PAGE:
Childhood obesity has important consequences for morbidity and mortality throughout life.1 In 2010, an estimated 43 million children younger than 5 years were obese or overweight worldwide, and the prevalence is expected to increase from 6.7% to 9.1% by 2020.2 Antenatal to early postnatal life is a period of rapid growth and developmental plasticity and therefore considered to be particularly sensitive for obesity prevention.3 Weaning, or the introduction of solid foods, is an important developmental milestone during this window of opportunity for obesity prevention and is a well-reasoned target for interventions. Baby-led weaning encourages infant self-feeding of all solid foods, rather than adult-led spoon-feeding, and is hypothesized to promote self-regulation of energy intake, a trait linked to the development of obesity in observational studies,4 and thereby lower obesity risk.5 However, concerns have been raised that baby-led weaning may increase the risks for infant undernutrition and choking, with most health care professionals reluctant to recommend it.6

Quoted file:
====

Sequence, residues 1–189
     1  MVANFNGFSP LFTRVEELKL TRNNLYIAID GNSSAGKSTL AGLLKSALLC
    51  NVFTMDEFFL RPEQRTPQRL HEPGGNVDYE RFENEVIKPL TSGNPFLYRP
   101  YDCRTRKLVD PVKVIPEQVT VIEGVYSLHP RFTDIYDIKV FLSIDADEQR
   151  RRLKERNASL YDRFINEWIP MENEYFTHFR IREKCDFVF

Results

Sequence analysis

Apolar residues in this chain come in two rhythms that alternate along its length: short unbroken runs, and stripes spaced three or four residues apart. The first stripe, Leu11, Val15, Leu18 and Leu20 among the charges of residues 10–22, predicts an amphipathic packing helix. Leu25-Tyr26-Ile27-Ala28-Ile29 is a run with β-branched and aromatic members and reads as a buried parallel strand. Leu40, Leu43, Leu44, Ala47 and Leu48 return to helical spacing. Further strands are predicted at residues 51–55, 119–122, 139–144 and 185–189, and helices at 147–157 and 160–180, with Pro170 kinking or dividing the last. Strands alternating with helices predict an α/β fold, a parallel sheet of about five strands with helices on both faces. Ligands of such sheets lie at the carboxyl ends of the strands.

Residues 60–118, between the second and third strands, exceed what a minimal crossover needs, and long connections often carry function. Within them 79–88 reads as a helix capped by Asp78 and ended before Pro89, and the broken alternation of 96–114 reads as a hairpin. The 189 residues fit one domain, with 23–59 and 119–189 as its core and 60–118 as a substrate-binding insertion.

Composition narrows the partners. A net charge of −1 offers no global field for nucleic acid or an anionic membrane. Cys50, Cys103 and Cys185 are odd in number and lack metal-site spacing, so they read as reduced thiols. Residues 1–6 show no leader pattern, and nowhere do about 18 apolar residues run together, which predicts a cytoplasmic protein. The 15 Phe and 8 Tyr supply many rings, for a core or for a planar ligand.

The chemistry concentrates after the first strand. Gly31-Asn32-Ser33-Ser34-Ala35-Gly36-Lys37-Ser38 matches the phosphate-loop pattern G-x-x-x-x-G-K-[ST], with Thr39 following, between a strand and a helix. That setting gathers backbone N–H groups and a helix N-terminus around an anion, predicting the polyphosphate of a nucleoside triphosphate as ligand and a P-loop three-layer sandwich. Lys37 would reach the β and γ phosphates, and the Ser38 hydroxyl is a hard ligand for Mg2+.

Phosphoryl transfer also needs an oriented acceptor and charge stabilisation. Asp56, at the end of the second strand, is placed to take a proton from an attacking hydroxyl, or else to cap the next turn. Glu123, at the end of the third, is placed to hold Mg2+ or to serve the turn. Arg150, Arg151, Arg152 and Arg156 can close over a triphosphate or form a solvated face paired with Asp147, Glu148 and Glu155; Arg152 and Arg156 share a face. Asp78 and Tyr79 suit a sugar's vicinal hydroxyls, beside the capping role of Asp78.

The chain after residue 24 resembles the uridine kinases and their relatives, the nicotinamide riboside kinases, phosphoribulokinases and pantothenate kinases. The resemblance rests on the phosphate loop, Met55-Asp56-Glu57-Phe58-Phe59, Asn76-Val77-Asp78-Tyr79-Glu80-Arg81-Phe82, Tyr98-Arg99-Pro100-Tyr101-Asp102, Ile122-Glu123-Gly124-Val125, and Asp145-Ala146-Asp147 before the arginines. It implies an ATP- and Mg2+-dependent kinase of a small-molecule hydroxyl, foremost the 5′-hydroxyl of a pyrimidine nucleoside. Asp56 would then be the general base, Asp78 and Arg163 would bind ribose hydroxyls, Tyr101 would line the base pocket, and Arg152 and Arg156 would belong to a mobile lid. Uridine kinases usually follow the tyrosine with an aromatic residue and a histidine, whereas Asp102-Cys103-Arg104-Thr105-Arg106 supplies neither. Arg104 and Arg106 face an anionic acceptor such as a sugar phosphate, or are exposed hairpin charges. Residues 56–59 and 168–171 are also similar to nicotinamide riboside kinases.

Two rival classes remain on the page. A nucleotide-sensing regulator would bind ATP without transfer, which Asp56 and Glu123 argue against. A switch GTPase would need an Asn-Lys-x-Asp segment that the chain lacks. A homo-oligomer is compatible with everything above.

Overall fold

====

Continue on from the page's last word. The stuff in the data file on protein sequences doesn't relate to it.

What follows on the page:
Lakshman R, Clifton EA, Ong KK. Baby-Led Weaning—Safe and Effective but Not Preventive of Obesity. JAMA Pediatr. 2017;171(9):832–833. doi:10.1001/jamapediatrics.2017.1766
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